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Transportation Services, Utilization and Needs of the Elderly in Non-Urban Areas; Patterns in Two Kentucky Communities
  • Published Date:
    1994-12-01
  • Language:
    English
Filetype[PDF-9.15 MB]


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Transportation Services, Utilization and Needs of the Elderly in Non-Urban Areas; Patterns in Two Kentucky Communities
Details:
  • Resource Type:
  • Geographical Coverage:
  • TRIS Online Accession Number:
    00852862
  • NTL Classification:
    NTL-PLANNING AND POLICY-PLANNING AND POLICY
  • Abstract:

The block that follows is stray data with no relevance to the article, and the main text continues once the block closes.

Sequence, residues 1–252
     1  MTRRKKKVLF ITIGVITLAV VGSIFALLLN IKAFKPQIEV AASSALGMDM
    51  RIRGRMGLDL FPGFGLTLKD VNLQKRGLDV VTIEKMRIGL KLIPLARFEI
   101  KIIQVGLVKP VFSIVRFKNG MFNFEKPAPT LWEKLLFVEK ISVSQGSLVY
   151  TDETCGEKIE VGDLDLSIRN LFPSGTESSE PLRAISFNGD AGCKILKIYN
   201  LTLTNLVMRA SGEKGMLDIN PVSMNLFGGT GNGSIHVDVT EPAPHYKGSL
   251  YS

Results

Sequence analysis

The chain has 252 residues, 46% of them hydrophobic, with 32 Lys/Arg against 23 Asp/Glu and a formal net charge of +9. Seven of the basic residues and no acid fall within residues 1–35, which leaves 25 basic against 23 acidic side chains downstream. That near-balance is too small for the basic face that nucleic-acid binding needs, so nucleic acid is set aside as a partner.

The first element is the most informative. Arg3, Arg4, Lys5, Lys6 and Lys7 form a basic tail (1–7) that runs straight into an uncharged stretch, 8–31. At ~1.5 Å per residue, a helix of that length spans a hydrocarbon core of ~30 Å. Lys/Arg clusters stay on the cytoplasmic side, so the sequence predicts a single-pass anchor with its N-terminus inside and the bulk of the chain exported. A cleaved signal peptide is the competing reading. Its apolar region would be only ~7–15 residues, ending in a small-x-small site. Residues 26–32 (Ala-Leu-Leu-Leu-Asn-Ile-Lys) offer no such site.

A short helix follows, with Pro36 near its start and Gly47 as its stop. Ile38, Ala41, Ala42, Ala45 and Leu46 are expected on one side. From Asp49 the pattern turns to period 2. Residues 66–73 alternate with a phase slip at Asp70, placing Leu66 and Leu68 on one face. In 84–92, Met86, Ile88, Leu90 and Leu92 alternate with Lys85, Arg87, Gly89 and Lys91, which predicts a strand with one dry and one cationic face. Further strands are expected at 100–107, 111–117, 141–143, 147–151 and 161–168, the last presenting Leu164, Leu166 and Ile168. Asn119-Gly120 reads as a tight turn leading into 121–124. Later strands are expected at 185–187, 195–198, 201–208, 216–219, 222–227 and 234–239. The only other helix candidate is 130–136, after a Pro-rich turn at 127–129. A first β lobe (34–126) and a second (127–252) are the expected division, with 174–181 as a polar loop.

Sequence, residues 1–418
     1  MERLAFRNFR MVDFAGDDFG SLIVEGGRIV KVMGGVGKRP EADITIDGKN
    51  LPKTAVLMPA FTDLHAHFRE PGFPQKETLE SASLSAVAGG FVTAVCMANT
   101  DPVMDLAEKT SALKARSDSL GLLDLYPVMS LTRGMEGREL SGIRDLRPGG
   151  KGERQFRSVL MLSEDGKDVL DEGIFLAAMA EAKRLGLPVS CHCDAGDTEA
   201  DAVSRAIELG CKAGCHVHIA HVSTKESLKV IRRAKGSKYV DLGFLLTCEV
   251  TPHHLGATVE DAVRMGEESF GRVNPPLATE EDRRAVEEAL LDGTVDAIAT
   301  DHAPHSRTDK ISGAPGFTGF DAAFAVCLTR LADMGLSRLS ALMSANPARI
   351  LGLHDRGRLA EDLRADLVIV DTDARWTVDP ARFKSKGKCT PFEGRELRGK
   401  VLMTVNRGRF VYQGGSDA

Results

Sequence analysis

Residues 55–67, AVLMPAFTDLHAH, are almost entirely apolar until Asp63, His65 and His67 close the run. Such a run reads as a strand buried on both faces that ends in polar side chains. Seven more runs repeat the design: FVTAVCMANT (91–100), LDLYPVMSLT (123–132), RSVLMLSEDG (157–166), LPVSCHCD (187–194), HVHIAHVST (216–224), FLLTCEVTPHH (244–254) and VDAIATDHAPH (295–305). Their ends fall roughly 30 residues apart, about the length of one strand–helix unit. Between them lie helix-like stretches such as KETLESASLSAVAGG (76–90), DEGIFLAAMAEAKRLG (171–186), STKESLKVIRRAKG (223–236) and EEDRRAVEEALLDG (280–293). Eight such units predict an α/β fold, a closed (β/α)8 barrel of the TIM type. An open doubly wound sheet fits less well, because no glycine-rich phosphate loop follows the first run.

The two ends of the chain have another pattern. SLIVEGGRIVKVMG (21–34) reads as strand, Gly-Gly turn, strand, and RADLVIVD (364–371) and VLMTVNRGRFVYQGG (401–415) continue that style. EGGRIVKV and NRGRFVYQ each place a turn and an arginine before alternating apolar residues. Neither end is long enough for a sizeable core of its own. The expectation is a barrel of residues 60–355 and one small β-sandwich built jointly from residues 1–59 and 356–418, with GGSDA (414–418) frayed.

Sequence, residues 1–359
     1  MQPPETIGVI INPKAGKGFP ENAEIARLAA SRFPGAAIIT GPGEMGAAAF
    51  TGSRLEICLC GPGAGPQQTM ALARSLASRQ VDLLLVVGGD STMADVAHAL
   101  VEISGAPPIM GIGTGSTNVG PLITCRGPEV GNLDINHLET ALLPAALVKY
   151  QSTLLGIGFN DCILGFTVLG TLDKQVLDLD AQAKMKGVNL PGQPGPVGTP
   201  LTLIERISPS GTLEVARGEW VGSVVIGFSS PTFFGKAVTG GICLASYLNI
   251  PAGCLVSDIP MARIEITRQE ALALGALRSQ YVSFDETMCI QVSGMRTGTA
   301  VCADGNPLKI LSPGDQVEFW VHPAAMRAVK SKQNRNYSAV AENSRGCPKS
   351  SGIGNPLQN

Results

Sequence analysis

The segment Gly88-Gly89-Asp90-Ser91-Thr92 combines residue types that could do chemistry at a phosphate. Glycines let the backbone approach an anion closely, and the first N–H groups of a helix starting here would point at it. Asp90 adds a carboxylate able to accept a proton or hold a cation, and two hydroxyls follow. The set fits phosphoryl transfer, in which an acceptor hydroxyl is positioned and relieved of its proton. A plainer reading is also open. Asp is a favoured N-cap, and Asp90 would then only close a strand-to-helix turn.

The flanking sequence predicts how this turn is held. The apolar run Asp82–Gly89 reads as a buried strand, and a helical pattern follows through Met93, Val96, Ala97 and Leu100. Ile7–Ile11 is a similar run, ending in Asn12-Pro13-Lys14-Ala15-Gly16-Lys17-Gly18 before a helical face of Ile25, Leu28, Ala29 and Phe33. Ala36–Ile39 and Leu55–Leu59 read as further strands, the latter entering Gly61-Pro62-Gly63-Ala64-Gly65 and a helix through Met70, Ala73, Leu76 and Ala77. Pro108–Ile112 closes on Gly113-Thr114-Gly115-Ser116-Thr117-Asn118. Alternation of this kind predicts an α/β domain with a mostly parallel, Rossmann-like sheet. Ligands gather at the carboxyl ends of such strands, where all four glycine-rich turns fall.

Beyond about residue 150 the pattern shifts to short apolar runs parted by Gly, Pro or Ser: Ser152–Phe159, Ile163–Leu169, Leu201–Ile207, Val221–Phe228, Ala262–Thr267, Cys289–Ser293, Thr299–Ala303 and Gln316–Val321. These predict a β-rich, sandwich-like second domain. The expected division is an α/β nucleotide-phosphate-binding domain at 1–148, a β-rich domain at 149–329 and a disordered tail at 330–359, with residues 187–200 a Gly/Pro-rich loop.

It is now axiomatic that America's population is growing older. Primary indicators of this aging are the number of individuals age 65 years and over (which increased from about 26 million in 1980 to over 33 million by 1990) and the elderly percentage of the total population (which increased from just above 11 percent in 1980 to 13 percent in 1990). It is likewise widely acknowledged that the link between transportation and needs of the elderly continues to be absolutely critical. In fact, access requirements are among the select group of issues which highlight the agenda for elderly research in the next decade (Rosenbloom, 1988). In this perspective the availability of transport for critical or life threatening needs, e.g. medical care, is of paramount concern, as is access to such routine life maintenance needs as grocery or clothing shopping. Yet too often we fail to realize that the opportunity for the elderly to travel, for social and recreational purposes, on a regular basis as opposed to incidental participation, is closely related to the enhancement of the quality of life, and physical as well as emotional well being. This social aspect of the derived, as opposed to the intrinsic, utility of transportation must receive increased attention as an access goal and policy objective. The salient point here is that, for whatever purpose, it is important that mobility be assured for our elderly population since it is critically related to their enhanced quality of life and indeed their life expectancy. Our research seeks to provide a deeper understanding of mobiltiy problems among the elderly in non-urban areas by exploring the real needs of the elderly and the actual response of communities and their populations to these needs. Within this specific context we aim at answering a series of general questions. First, why do the elderly travel? Second, where do the elderly travel? Third, how do the elderly travel, and finally what is the nature and impact of existing transport alternatives?
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